Paul Baumgarten

Computer Scientist, teacher, freelance programmer and self confessed geek

1.15 - JSON

JSON (Java-Script Object Notation), is a commonly used format to exchange data on the internet. It includes the Javascript arrays we've already seen, but it also includes a method to store what's known as "key-value" pairs.


Create an empty dictionary (see adding below to add items to an empty dictionary)

let person = { };

Creating a json object with initial data

let person = {"givenName" : "Paul", "familyName" : "Baumgarten"};

Getting elements from the json object

// Method 1
console.log( person["givenName"] );
console.log( person["familyName"] );
// Method 2
console.log( person.givenName );
console.log( person.familyName );
  • Note regarding the above: Method 2 looks nicer so, when would you bother with method 1? Primarily if you are using a variable to provide the name of the field you want to manipulate in the JSON. For instance, if you had let field = "givenName"; you could then use person[field] to access person["givenName"]. You would not be able to do person.field, that won't work as it will try to find a field called field.

Adding / modifying elements in the json object

person["email"] = "";
person["website"] = "";

Remove an element from the dictionary

delete person["website"];

Loop through all the elements of the dictionary

for (let key in person) {
    if (person.hasOwnProperty(key)) {
        console.log("field "+key+" has value "+person[key]);

Bigger example

We can bring it all together with arrays as well. For instance

let people = [
    { "name": "Harry Potter", "house": "Gryffindor" },
    { "name": "Draco Malfoy", "house": "Slytherin" },
    { "name": "Newt Scamander", "house": "Hufflepuff" },
    { "name": "Ron Weasley", "house": "Gryffindor" },
    { "name": "Nymphadora Tonks", "house": "Hufflepuff" },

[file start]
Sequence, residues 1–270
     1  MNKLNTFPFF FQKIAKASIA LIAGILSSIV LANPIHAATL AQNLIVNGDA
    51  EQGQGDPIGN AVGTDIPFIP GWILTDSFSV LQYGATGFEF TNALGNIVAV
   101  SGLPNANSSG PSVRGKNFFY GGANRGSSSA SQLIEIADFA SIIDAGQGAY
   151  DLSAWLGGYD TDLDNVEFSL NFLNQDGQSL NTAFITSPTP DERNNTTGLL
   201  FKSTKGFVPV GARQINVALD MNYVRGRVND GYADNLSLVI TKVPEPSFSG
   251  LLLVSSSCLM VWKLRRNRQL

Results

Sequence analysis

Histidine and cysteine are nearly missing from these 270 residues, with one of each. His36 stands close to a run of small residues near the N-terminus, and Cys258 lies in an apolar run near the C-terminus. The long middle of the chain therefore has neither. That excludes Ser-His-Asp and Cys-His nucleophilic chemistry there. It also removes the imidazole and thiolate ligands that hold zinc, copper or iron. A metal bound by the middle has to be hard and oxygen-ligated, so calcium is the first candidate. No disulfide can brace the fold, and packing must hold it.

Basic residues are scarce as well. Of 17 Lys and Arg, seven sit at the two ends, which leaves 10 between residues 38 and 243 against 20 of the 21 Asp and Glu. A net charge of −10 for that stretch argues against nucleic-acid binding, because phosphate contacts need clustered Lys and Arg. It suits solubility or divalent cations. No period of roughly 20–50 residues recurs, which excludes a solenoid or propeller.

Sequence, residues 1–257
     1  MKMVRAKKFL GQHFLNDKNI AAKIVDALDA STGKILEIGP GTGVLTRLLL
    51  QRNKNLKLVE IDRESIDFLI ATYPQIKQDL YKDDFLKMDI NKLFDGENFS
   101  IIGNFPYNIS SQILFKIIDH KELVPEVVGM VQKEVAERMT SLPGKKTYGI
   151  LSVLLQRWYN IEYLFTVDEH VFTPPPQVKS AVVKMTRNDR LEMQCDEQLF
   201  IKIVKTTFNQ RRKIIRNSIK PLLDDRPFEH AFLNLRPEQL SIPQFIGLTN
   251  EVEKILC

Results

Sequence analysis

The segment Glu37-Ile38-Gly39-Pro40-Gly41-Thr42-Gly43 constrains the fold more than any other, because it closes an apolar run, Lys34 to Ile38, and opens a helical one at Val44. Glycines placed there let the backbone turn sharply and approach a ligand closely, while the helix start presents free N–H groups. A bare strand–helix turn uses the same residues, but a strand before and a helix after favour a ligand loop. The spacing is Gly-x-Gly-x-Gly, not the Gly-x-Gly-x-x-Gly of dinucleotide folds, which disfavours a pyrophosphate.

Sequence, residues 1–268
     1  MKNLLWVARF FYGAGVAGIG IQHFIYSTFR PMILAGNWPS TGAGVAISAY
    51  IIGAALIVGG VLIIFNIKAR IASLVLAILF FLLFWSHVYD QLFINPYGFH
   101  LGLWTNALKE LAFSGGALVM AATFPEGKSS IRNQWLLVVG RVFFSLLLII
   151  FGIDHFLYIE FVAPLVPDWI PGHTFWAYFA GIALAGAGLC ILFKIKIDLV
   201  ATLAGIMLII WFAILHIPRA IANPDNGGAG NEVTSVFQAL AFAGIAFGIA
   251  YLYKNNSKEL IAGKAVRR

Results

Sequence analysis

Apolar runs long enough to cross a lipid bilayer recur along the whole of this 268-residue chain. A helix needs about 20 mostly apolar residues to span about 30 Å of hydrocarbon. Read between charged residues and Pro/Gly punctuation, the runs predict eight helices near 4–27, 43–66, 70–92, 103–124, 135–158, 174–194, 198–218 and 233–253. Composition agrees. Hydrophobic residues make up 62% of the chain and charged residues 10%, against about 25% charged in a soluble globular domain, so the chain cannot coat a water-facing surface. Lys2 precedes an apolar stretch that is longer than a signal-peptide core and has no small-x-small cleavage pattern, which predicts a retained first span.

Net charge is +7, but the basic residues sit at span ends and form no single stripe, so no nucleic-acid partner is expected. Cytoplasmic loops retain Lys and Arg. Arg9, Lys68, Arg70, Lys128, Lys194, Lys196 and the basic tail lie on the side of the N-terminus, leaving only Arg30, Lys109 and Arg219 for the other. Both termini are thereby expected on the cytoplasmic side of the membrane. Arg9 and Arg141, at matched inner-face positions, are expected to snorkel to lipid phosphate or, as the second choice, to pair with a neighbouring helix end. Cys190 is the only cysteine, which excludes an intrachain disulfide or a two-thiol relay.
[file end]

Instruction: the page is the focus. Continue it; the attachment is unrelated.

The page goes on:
{ "name": "Luna Lovegood", "house": "Ravenclaw" },
    { "name": "Cedric Diggory", "house": "Hufflepuff" },
    { "name": "Filius Flitwick", "house": "Ravenclaw" },
    { "name": "Gilderoy Lockhard", "house": "Ravenclaw" },
    { "name": "Hermione Grander", "house": "Gryffindor" },
    { "name": "Severus Snape", "house": "Slytherin" },
    { "name": "Lord Voldemort", "house": "Slytherin" },

// Print a list of members
for (let person of people) {
    console.log("Did you know that "" is in house ""?");

 Sort the array into house order

 (don't worry too much about the syntax of this, except to note that to use it with your own array of json objects, just replace the "" and "" with whichever field it is you are wanting to sort by)
people.sort( function(a,b) { if ( < { return -1; } else { return 1; } } );

// Print a list of members again... notice the sort?
for (let person of people) {
    console.log("Did you know that "" is in house ""?");

// We could also just print the house name once, followed by a list of members
let currentHouse = "";
for (let person of people) {
    if ( != currentHouse) {
        console.log("Members of "" are:");
        currentHouse =;
    console.log(" * ";

Serialising & deserialising JSON

Serialising and deserialising are just fancy names for converting the data to a string, and then back again. The main reason we might want to do this is if we are exchanging data over the internet where strings are better "understood".

Here are some functions that are useful for getting started with JSON:

To convert a json object & array structure to a string:

let str = JSON.stringify( obj );

To convert a string representation of objects & arrays back into a json object:

let obj = JSON.parse( str );